Know when it’s a clinical indicator or wake up call
Standard in every skilled nursing therapist’s day is dealing with patients’ refusal of therapy. A typical SNF therapist averages 1-2 refusals of treatment each day. That can be 15-20 percent of a therapist’s day that’s canceled!
Of all those therapy refusals, most are legitimate. But among them, there are some SNF patients who could be motivated to get up and exercise.
Often, a motivated therapist can cajole a patient to join the scheduled therapy session. But many times, it’s simply easier for a busy therapist to let a tired or distracted patient skip a session.
And now with PDPM, where SNFs are no longer reimbursed for therapy minutes, therapists have even less motivation to counter patients’ refusals than they once did under the RUG-IV payment plan with CMS.
However, therapy is the key reason patients enter a skilled nursing rehab center, and its centrality to patient care is unquestionably essential. Skilled nursing therapy is key to the healing process and to slowing the physical and mental decline of aging patients.
PDPM means therapists and SNFs are focused more on quality than quantity, but that still means that a patient who is prescribed any number of weekly therapy sessions absolutely needs to access those sessions in order to achieve the best outcome.
The responsibility lies on the therapist to make sure refusals don’t stand in the way of accessing therapy.
3 underlying reasons skilled nursing patients refuse therapy
Patients will have a whole host of reasons for refusing therapy, and most of them are absolutely legitimate. It’s up to you as a therapist to consider how the patient is responding and determine the source of the refusal. This way, you can determine if the reason is something you can work around or if it’s a sign of a bigger issue. And sometimes, refusals just might mean that you have work to do to make therapy sessions more worthwhile.
Reason #1: Patient isn’t feeling well
Patients may be adjusting to a new medication, still healing from a recent procedure or have any number of clinical challenges that can make therapy more difficult. Speak to interdisciplinary team members to see if they have also received concerns and what subsequent actions have been taken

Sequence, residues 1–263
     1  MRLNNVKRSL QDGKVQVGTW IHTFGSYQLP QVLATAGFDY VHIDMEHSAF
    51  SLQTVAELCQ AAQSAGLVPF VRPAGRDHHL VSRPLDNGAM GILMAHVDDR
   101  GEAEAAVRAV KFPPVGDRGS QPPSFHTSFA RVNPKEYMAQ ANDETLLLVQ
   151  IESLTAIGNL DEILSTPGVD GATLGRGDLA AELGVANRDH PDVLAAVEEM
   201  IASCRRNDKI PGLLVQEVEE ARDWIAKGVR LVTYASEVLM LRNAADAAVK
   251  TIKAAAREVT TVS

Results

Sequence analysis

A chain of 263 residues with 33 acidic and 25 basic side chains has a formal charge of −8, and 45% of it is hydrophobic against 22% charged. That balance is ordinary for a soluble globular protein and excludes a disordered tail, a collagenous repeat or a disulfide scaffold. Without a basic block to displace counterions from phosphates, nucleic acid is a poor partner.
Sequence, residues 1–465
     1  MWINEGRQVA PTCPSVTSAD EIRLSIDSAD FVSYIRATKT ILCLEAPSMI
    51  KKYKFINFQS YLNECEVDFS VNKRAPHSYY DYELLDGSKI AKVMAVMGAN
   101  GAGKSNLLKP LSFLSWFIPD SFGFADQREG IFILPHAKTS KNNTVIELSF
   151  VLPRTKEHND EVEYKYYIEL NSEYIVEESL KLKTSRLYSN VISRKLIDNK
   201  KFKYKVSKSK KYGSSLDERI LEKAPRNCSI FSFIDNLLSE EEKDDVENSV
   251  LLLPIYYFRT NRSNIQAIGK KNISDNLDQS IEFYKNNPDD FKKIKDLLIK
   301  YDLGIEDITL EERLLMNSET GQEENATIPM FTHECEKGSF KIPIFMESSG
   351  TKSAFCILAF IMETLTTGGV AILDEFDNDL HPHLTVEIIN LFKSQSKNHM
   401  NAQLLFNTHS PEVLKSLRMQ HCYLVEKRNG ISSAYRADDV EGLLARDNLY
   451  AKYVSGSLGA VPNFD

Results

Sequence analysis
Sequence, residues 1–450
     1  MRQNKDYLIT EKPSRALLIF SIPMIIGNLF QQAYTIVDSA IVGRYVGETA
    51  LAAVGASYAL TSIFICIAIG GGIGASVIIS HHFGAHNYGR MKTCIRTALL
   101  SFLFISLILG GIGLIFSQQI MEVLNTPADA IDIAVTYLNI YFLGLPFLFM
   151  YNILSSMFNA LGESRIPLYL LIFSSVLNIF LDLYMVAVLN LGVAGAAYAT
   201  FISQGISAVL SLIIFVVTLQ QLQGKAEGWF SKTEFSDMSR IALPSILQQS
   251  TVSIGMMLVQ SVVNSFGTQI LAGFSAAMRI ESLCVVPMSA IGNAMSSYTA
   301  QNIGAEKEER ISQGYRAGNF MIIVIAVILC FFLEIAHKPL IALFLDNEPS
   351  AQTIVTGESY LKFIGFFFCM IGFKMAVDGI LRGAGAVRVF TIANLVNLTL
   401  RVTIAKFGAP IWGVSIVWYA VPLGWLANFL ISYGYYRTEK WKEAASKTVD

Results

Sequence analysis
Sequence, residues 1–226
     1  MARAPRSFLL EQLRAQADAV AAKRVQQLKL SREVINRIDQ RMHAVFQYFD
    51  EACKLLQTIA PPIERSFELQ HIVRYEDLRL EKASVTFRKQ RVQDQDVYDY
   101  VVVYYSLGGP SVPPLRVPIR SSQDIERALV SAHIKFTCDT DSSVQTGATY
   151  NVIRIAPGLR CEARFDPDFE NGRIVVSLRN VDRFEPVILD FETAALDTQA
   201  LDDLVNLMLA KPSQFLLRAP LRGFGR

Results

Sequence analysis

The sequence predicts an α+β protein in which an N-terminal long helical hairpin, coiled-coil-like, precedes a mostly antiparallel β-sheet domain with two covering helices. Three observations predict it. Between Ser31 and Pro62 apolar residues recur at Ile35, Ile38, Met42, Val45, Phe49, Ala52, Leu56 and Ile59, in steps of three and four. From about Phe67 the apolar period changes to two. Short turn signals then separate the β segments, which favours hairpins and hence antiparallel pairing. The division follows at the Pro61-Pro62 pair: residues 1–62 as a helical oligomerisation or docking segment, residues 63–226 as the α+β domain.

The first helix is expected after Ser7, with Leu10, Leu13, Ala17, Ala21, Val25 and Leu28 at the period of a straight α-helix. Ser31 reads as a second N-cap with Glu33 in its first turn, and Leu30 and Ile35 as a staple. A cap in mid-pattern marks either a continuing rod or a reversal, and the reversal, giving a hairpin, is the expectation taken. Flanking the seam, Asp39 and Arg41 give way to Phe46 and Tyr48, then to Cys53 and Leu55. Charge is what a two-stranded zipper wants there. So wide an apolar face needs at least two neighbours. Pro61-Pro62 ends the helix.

Reason #2: Patient has concerns outside of their control
Skilled nursing care has to be integrative for therapists to successfully treat patients. This means letting the care team know when a patient doesn’t get enough sleep because of a loud roommate or a patient didn’t eat because the food got too cold. Be an advocate for the patient if action has not been taken to address concerns/complaints.
Reason #3: Patient is apathetic
Sometimes patients will refuse therapy without a specific reason. Statements like “Maybe tomorrow?” or “I don’t want to do it today” can mean that the patient isn’t seeing the value of the therapy sessions.
Reassess your approach to skilled nursing therapy for apathetic patients
If you are unable to identify the source of why your patient is refusing care, it’s time to ask yourself some hard questions.
We as therapists are taught the therapeutic use of self approach. This means we use all our faculties to meet our patients where they are, with empathy, and bring them to where we want them to be for the session. We use our creativity, attitude, and effort to make patients feel positive, motivated, encouraged, and successful. This is how we gain their trust and ensure they feel empowered.
7 questions therapists should ask when facing refusals
- Are you offering a care approach that has meaning to the patient?
- Are you offering a care approach in which the patient believes they have the opportunity to experience success?
- Can you grade your approach to gain trust and agreement?
- Are you conveying enthusiasm and excitement in your approach or are you going through the motions and thinking about the end of the day?